The Monolith

A Short Story

The Monolith

As far back as memory will afford me, I know only two things; the Monolith and that I am compelled to climb it. A tower of cold black obsidian-like night bereft of pale moonlight. Spanning acres, puncturing the grey rain clouds above and emerging from dark, vast waters below. Waters that ebbed and crashed and roared with shocks of white sea spray defining each wave and ever-rising with incessant downpour. The Monolith is both my port in a storm and a prison. My mausoleum.

I do not recall what year it is or how old I am for the days are barely distinguishable from one another. I have no future and no past. I can't even remember what I look like save for a furrowed brow, a full head of hair, and a thick mane of a beard. My knuckles, my joints all weathered raw and emaciated beyond their time nonetheless still fulfill a necessity.

I sit, huddled in a dark blue cloak, my rifle slung over my right shoulder, in a doorway leading inward. I dare not venture in for fear of becoming lost. I looked in only to see each corridor splintered off into dark, labyrinth-like hallways and I knew if I did go in that I might not return. Each threshold and stairwell is deliberately carved with purpose into the facade of this mighty structure; simplistic and yet almost grandiose in design. I cannot help but admire it with a kind of fearful respect. I look out and see in the distance the peak of a mountain that once stood proudly above the land now eroded and frail, break off and slide into the ocean disappearing from view as the smell of salt water is becoming stronger. Time to move. Every bone and sinew, creak as they may, must serve their function now or surely I will perish in the depths below.

I gingerly press my weight against the wall behind me to get to my feet and I set off for the stairs just left of the doorway. Each step has razor's edge and is hard underfoot. My ascent is hazardous because there is nothing to hold onto should I fall, so I must maintain a steady pace as not only to assure my safety but conserve energy for the climb ahead as it coils upwards. My legs turn to stone with each step. It feels as though my blood has turned to mercury, stinging, burning as it courses through my veins. My only sustenance has been the insects crawling along the wallsand crevices of the monolith.

My muscles cry out for rest and I know I would be it not for my own impending doom. Beads of sweat begin to form and grow across my brow, oblivious of a northerly wind blowing, and run down through lines of worry. I fear my imagination may be getting the better of me or that mad dreams are seeping into my waking moments but I swear I have seen a large, black dog stalking the grounds of the monolith. Its fur is thick and untamed, its ears are pointy and attentive, its eyes shimmer a deep gold never revealing its intent. These deceiving hours feel like days and what feels like miles has only been a matter of a few flights of stairs. I can focus only on the pain as it builds and builds to a crescendo, my attention sapped from the mindless task at hand. My head swims. The hopelessness of my circumstance comes bubbling to the surface and sets in; climb or die. It's climb or die from now until I succumb to the fragility of old age. Climb or die. It's difficult not to feel embittered. A rage comes with it.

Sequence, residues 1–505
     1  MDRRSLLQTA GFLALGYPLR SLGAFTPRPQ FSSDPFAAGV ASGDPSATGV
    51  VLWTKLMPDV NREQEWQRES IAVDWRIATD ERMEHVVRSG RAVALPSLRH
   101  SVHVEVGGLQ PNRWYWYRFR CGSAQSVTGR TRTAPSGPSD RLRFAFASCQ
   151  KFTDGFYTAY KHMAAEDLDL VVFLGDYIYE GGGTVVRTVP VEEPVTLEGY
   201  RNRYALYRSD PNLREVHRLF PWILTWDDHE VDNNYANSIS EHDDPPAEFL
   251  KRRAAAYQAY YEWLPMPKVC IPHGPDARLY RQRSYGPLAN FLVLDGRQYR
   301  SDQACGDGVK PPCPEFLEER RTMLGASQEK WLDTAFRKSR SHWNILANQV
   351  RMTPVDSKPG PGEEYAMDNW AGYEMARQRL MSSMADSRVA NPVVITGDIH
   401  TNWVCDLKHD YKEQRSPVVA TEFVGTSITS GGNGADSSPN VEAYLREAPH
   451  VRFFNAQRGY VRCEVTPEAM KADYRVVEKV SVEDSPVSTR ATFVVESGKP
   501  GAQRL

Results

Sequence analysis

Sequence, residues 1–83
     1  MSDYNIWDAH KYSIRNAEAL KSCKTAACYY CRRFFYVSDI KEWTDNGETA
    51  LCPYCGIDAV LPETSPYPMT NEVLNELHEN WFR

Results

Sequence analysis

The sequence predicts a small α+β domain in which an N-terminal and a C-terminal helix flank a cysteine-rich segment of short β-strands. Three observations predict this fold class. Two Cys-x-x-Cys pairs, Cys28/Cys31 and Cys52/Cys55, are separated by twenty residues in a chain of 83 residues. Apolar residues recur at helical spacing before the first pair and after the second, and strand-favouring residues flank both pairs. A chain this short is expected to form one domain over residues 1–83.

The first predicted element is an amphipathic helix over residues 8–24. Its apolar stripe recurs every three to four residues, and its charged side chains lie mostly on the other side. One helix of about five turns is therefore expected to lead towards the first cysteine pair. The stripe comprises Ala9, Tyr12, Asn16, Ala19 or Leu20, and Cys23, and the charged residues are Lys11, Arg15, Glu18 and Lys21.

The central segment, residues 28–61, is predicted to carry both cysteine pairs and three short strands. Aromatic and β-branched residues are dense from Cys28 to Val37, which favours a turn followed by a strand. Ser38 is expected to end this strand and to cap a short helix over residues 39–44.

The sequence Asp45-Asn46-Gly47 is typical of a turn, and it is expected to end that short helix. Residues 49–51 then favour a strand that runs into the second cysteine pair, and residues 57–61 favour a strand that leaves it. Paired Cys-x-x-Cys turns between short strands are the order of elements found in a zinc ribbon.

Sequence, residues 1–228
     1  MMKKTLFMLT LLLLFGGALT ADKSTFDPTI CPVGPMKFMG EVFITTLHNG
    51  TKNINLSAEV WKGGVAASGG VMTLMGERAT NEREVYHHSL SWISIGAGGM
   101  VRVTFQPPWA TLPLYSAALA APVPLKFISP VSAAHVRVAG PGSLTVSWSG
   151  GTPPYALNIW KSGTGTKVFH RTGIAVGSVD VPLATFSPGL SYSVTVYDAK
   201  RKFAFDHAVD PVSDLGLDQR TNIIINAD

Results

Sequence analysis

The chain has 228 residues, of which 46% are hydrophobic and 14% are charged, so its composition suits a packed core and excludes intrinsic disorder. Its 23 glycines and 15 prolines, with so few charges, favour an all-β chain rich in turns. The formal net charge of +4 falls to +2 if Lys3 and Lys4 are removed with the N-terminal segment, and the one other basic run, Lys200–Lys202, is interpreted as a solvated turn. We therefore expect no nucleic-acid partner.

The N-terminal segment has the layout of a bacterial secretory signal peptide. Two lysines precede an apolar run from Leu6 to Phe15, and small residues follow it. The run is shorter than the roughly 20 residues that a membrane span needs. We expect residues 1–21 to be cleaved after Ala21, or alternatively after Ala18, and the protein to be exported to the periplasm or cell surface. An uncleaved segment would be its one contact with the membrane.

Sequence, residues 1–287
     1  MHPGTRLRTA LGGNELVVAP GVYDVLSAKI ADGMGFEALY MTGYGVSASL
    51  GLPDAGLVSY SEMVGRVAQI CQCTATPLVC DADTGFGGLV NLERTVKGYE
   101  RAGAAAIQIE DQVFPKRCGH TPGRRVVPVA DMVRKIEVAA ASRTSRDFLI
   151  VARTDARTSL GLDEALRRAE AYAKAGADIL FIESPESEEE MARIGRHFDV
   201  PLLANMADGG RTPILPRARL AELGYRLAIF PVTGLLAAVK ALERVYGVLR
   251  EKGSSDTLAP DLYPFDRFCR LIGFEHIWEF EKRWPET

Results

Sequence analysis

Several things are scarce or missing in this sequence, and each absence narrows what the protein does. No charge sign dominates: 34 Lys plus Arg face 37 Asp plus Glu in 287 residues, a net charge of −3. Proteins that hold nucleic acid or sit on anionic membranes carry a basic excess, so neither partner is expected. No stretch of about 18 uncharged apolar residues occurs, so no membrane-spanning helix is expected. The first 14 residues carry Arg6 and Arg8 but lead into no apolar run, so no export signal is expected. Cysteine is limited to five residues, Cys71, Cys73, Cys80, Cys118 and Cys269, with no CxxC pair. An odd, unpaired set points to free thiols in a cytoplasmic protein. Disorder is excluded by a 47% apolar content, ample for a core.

I lose my footing, my shin bone bears the brunt of my fall and what pain in my muscles before now feels meager by comparison to what can only be described as a sharp hacking feeling. Brought low by a step. I drag myself to the top, clasping at the pain and muffling any groans. I lift my trouser leg to find several trickles of ruby red blood oozing from a wound no bigger than a few inches across. Upon closer inspection, I can see that it's not a very deep cut but is nonetheless excruciating. A possible fracture. Cautiously putting weight on both legs, I clamber to my feet and carry on with a limp. I can only think of how pitiful I must look right now as I manage to make it to the next floor before giving up to rest. I settle inside another doorway and apply pressure to my wound. An eerie feeling comes over me and the sound of the roar of waves and wind retreat as though they are a million miles from me now. It seems like some unseen danger is upon me and all I can do is sit there, paralyzed, cautiously, senses heightened. A deep breathing grows louder, almost panting. A large, terrifying bulk of a shadow speeds past me. It is the dog. I see it as clear as I can see my own limbs but it does not see me. It is fixated on something else.I am jolted awake, sputtering, on my side in inch deep icy water. The sea has crept up and is now staring me in the face. I must have passed out at some point, hunched over, dead to the world. I am in dire need of reaching higher ground. My cut hasn't healed properly and is burning from the seawater and my drenched clothes work against me, weighing me down. Shivering, fatigued, feeble.

I make it up a few floors before I have to slump against a wall, water draining from my clothes, punching the wall in my frustration.

The wind begins to pick up. It howls and shoves me around like a creature playing with its food. I am wholly insignificant to its power. It has been a struggle to even get to this point. I would like to think I have fought well to get this far but in my heart, I know that this is a battle I will eventually lose. I try to put it out of my mind but it is always there.

As I cling to a frame of an entrance I am able to look inward and unlike before, the pathway seems brighter. Still dim though it would appear there is a light emanating from within and I am drawn to it. I can either take my chances in there or risk being thrown over the edge out here. Another gust of wind makes my mind up for me and I reluctantly venture in.